Ah – September – the golden month when low sun slinks across fading gardens, hedgerows hang heavy with fruit and the arable harvest is almost done. The last two wheat fields are being cut today, the huge thumping combine knifing through the silvered crop, leaving stubbles glowing yolk yellow. As we watch the tractor pulling alongside to take off another load of grain, a rat leaps for freedom. Already on the rest of the farm young oilseed rape is emerging from barley stubble and sugar beet is the last crop left to cut.
At the end of August over 30 house martins appeared, sunning themselves on the east facing roof, preening, swooping up at the old nest site, reconnoitring, remembering, gathering friends and family. They stayed 30 minutes and were gone, drifting south, heading for France and onwards. No-one knows quite where the house martins spend our winter.
One afternoon I watched as over 70 birds whisked across the garden – a flock of blue, great and long-tailed tits. A steady procession, some stopping off for a quick feed, others keeping to hedgelines, little contact calls filtering through the window. There have been other visitors to the garden – chiffchaffs, willow warblers, lesser whitethroats – often juveniles in very dapper plumage. It has taken some patience to identify them – leg colour, eye stripe, eye ring – I check through the key features. They spend most of their time in a giant Hebe bush, its raspberry flowers spilling petals like confetti, hovered over by bees.
This movement of birds between the seasons brings to mind other migrations, migrations of people. The world seems to be on the move.
Walk past any tree covered in ivy and the humming note will make you pause. Yellow green domes of flowers, so easy to overlook, are laden with insects feeding on late flowering blooms. There is a sense of urgency. Jays screech through the oak trees carrying a cargo of acorns, birds fatten on blackberries, wood mice hoard the hazel nuts before I can collect them and squirrels are searching for walnuts. Have you watched a squirrel at work? He digs a neat hole in which to conceal the walnut, from which he has already stripped the green husk. Then he back fills with soil and using both little paws, pats and pats away to secure his larder.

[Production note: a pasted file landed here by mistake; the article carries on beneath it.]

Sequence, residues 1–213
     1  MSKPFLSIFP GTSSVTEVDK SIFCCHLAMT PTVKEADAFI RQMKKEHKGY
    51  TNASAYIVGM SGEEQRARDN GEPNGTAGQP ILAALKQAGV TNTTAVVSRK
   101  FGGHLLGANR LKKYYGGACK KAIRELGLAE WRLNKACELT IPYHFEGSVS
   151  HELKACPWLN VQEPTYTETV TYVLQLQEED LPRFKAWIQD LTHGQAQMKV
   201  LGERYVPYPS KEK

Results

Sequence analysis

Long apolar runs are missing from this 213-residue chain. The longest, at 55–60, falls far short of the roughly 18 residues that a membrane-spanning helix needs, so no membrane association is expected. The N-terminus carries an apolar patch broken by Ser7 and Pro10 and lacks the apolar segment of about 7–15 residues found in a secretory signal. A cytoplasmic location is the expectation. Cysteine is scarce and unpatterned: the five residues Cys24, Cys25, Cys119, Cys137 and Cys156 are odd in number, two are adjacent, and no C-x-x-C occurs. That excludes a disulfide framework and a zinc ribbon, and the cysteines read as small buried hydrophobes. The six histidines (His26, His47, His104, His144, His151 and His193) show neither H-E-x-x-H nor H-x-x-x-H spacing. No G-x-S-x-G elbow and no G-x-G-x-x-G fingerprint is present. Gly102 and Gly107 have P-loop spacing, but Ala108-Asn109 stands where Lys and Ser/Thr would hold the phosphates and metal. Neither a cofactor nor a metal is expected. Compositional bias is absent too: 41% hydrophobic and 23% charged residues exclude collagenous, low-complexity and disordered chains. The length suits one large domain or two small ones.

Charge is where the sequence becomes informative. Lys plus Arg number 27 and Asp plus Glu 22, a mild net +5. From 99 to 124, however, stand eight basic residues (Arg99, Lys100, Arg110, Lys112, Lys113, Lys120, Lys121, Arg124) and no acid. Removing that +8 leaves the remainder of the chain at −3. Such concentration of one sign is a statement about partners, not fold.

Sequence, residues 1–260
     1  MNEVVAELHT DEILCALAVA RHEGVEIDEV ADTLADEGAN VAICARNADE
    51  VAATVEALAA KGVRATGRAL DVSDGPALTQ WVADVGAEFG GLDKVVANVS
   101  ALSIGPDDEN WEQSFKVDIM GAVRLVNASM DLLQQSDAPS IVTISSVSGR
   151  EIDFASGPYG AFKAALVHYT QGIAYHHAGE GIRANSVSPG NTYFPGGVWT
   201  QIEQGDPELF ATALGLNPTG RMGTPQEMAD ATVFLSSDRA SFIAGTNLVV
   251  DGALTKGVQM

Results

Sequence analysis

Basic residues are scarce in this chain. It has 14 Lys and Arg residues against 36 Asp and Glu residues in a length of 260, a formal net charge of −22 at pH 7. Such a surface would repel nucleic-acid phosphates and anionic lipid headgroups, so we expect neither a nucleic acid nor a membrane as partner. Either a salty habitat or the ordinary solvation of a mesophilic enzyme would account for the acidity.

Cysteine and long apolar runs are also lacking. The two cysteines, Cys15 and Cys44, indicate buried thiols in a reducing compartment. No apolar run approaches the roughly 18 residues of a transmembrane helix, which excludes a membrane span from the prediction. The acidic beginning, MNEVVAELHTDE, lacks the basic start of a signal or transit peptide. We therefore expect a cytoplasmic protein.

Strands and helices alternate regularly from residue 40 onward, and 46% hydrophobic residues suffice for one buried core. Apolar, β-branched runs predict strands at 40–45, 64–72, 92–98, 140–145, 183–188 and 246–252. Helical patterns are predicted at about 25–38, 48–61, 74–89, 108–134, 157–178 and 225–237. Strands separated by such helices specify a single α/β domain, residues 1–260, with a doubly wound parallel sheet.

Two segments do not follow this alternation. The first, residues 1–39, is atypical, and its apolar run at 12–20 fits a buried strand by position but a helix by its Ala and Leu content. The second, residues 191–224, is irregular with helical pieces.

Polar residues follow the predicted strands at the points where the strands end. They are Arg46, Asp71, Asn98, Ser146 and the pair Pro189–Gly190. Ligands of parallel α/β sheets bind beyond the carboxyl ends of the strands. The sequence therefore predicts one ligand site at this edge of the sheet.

In the mornings the stubble fields are netted with silver and the orb spiders’ ornate webs, slung between seed heads of thistle, sparkle with dew. Thin spindly spiders hang out in the bedroom stretching their hammock nets across the ceiling and feasting on the large house spiders that come looking for warmth and a mate.
September was made for artists. The colours, the contrasts, the movement of birds, the feeling of fullness and maturing. Whether you paint with a brush or with words it is a month to go out and be inspired.
September – A Harvest of Spiders
The moon sulks, full and yellow,
over the harvest fields. In its weak
light the combines race across
wheat. The pulse of cutter bars’
rhythmic turning vibrates through
the land and busies my heartbeat.
At intervals the chamber-full signal
beeps to call the tractor, feeding
alongside like a whale and its calf.
They roar on the road to grain bins,
pushing on as the moon slips
its berth, foreshadowing rain.
Now morning lays the harvest dust
in a cloak of mist. Phosphorescing
over the stubbles, spiders have set
their nets or crafted pitfall traps.
Wrinkling their way into houses,
through crevices, looking for love
spiders live in the shadows until
low sun plucks their spinning
threads as they move unseen or
emerge, helping Robert the Bruce,
hanging over Miss Muffet, or guarding
the sacred mountain in secret realms.